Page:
If you are taking one breath per movement, the reality is that you can only go so slow before you either have to hold your breath or use more then one breath per movement. As soon as you do this your movements and breathing is separate, you are not following tai chi principles. Breathing, movement and mind need to be combined as one to get maximum benefit. This sort of control over the form does not allow your tai chi to follow the flow of nature, it is man made and in that it falls short. The reality is that our breath naturally changes throughout the day and we can take advantage of that.
Following the Breath
Our breathing has its own rhythm, when we are stressed it is short and shallow, relaxed, long and deep. Our tai chi practice is designed to make us relax, so naturally during our forms as we relax, our breathing will relax also. This means that the very act of trying to control the length of our breathing stops us from entering deep relaxed states because in itself it is causing inner tension.
To allow our tai chi to follow the flow of nature we need to take a different approach, one that allows our forms to adjust to the natural changing flow within them. To do this we shouldn’t change our breathing to suit our form but our form to match our breathing. This means that the timing of our postures follow the length of our breath, one yin posture follows a complete breath in, the next yang posture follows a complete breath out.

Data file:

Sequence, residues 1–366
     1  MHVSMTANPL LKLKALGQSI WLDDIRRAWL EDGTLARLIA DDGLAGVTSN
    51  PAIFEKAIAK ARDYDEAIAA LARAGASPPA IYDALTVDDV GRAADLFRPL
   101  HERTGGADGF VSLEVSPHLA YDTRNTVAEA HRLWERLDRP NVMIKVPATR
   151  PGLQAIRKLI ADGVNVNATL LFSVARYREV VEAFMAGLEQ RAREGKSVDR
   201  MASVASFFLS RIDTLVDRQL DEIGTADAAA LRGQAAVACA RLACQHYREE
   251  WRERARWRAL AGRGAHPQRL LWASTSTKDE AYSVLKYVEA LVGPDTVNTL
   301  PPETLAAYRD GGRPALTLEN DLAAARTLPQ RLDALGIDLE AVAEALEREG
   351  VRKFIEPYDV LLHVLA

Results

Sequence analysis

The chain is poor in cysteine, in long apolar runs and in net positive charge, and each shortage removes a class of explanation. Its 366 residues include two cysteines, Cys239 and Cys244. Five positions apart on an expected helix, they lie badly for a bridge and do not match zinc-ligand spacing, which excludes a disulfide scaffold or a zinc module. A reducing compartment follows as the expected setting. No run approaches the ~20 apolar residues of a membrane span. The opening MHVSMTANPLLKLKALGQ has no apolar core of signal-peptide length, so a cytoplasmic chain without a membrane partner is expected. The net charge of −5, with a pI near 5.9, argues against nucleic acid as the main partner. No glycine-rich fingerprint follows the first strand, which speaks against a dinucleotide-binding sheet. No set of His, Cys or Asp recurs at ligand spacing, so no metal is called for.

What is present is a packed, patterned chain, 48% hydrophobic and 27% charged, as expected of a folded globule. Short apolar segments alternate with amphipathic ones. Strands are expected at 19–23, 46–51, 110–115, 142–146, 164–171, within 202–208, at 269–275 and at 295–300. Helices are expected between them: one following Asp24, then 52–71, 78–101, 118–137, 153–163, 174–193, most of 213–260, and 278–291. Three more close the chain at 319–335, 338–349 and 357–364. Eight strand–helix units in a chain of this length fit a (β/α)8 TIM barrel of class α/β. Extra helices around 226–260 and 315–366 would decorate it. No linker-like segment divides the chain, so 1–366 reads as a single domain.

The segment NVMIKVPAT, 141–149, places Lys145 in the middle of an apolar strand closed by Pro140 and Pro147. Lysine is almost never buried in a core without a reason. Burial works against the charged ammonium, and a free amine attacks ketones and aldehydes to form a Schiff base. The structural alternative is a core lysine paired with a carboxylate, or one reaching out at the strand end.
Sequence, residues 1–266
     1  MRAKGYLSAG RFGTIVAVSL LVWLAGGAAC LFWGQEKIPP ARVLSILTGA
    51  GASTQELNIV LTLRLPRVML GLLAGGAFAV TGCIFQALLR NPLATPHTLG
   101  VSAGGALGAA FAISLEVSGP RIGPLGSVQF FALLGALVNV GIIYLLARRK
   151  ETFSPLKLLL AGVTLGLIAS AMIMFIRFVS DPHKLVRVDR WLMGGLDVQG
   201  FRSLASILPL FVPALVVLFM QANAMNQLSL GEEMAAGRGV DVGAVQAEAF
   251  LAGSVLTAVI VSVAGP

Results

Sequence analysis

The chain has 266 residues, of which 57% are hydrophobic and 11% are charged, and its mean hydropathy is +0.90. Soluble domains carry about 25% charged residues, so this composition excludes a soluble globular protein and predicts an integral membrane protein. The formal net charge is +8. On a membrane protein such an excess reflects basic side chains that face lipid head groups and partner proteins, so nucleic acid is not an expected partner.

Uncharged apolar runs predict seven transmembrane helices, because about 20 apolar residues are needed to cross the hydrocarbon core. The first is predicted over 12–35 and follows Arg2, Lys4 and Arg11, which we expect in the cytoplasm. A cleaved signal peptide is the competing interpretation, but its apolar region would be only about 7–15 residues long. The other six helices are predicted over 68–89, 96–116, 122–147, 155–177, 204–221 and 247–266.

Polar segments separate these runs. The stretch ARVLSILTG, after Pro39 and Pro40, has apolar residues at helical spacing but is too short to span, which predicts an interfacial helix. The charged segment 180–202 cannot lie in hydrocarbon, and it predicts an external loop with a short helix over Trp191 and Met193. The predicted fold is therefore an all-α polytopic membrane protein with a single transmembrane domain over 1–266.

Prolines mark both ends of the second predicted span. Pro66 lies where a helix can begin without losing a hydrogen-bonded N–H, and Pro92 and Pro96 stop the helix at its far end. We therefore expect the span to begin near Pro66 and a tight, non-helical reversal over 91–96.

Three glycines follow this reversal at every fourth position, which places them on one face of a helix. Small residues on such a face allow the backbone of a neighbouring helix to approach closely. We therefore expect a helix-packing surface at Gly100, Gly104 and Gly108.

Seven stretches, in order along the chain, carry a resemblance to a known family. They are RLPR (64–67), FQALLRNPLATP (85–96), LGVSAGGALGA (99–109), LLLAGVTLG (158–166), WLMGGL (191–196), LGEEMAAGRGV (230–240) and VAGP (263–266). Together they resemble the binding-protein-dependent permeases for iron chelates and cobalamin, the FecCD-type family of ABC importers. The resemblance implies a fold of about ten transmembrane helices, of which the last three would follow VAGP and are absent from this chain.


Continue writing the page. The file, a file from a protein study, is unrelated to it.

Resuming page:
In this way as we naturally relax doing our tai chi, our breath will become deeper and longer, this will then affect our postures which will naturally slow down in time with our breathing. In this way our movements and breathing will always correlate to each other and at no time will the movements become so slow that our breathing and movements become separate.